Please grow up, MACC Chief Commissioner!
Today, the international press reported that the US Federal Bureau of Investigation (FBI) investigator conducting criminal investigation into 1MDB-linked funds is encountering problems as several possible witnesses are too scared to speak out.
US media network Bloomberg reported that some people in "certain foreign countries" already assisting the criminal probe, are concerned for their safety, while others say it’s too dangerous to co-operate, FBI said in a Federal Court filing in Los Angeles yesterday.
The report said FBI has requested to keep the names of its informants secret from the alleged masterminds of the 1MDB conspiracy.
Individuals who were otherwise willing to provide information said they were worried about putting “the safety and security of both themselves and their families at serious risk," FBI said in its filing.
FBI also cited Malaysian news reports, where local officials arrested due to their role in probing the 1MDB embezzlement and the driver of former attorney-general Abdul Gani Patail, who was shot at his house in Ampang Perdana late last month.
This latest development in the international multi-billion dollar 1MDB money-laundering scandal, which had made Malaysia into a global kleptocracy, should be the first item of concern of the Malaysian Anti-Corruption Commission (MACC) which wants to established itself as a world-class anti-corruption body.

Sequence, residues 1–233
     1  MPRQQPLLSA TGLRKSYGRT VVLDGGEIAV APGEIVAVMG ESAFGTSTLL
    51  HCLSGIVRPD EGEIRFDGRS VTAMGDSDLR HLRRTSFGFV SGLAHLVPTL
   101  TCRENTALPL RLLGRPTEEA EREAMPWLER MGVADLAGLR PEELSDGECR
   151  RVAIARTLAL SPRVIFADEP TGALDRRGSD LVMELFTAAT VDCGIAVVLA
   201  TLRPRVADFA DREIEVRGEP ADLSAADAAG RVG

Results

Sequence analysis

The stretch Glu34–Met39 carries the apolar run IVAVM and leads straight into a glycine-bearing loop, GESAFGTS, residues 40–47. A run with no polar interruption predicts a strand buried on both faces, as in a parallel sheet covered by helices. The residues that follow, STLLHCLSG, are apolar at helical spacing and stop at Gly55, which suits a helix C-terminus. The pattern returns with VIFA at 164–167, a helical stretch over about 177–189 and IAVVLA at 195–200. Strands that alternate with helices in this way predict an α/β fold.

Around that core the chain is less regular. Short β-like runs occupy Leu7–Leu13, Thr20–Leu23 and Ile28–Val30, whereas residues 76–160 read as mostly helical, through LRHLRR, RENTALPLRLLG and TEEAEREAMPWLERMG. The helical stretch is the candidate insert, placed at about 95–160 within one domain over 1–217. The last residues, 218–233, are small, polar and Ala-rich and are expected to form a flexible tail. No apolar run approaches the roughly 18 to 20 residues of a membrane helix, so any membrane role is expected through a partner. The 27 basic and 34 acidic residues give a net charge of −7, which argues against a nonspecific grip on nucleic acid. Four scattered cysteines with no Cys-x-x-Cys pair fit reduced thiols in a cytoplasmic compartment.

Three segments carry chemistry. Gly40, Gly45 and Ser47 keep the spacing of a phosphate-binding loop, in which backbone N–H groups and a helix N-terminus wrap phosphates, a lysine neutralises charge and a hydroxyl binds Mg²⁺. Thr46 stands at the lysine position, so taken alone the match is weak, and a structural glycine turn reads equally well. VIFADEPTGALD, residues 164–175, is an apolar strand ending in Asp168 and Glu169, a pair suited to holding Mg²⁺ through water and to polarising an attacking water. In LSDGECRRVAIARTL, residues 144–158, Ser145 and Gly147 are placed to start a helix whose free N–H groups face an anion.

But apparently not, as its first concern was how to “fix” Penang DAP Chief Minister, Lim Guan Eng.
The first thing on MACC’s mind after the four-day holidays was not 1MDB scandal or Malaysia as a global kleptocracy, but Lim Guan Eng, announcing that it will initiate legal action against Guan Eng over his refusal to apologise for describing the detention of state exco Phee Boon Poh as “illegal.”
PKR Vice President and MP for Padang Serai, N. Surendran has said that MACC has no legal grounds to take action against Guan Eng over his criticism of the MACC, as it was well within the protection of free speech guaranteed by the Federal Constitution.
Be that as it may, this episode highlights the misplaced sense of priorities of the MACC, and that it is time that MACC Chief Commissioner, Datuk Dzulkifli Ahmad should grow up.
Surely there must be someone in the MACC leadership who could rectify the MACC’s misplaced sense of priorities, and focus instead on the 1MDB scandal and Malaysia’s infamy as a global kleptocracy as a result of the 1MDB scandal, and what the MACC could do about it?
I do not believe that the founding fathers of the nation, like Bapa Malaysia Tunku Abdul Rahman and his deputy, Tun Razak, had ever expected Malaysia to fall so low as to be regarded worldwide as a global kleptocarcy.
The Prime Minister, Datuk Seri Najib Razak seems to have sub-contracted the task of fighting corruption to the new MACC Chief Commissioner provided the MACC respects the “no trespass” boundaries in its anti-corruption campaign – not to touch the Prime Minister and the top government leaders or the subject of the 1MDB scandal which has resulted in Malaysia getting the international infamy and ignominy of a global kleptocracy.
Can Dzulkifli confirm this mandate from the Prime Minister or explain why the MACC is taking a hands-off attitude to the 1MDB scandal and the issue of Malaysia’s infamy and ignominy as a global kleptocracy?
The UMNO Information Chief and former Cabinet Minister, Tan Sri Annuar Musa has said that Bank Negara’s forex loses a quarter of a century ago were real while 1MDB losses are only on paper.
Does Dzulkifli agree with Annuar and is this the reason why MACC has refused to re-open investigations into the 1MDB scandal or do anything to clear or cleanse Malaysia of the infamy and ignominy of being regarded worldwide as a global kleptocracy?